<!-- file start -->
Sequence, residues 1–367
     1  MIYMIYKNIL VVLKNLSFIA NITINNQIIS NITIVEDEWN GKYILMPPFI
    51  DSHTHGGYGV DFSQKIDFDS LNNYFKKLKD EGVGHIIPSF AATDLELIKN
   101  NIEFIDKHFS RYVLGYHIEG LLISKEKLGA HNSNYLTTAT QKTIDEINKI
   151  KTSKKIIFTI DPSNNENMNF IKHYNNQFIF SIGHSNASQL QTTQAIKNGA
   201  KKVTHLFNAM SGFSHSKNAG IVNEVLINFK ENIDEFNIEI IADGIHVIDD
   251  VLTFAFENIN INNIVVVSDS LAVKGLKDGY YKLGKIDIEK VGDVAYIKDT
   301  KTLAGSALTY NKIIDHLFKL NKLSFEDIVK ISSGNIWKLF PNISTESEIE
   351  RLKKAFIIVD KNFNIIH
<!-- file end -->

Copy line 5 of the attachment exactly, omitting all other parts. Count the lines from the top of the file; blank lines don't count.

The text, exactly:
   151  KTSKKIIFTI DPSNNENMNF IKHYNNQFIF SIGHSNASQL QTTQAIKNGA